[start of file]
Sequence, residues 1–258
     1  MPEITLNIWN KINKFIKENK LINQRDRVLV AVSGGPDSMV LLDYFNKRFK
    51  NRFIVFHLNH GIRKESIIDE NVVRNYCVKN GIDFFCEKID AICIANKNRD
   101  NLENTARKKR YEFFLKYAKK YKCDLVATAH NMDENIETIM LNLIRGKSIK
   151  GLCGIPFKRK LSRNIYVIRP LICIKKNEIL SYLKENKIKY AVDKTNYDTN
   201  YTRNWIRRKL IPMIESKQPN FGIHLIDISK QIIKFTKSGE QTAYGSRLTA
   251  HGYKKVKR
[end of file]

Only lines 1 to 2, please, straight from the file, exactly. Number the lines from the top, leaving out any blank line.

Sequence, residues 1–258
     1  MPEITLNIWN KINKFIKENK LINQRDRVLV AVSGGPDSMV LLDYFNKRFK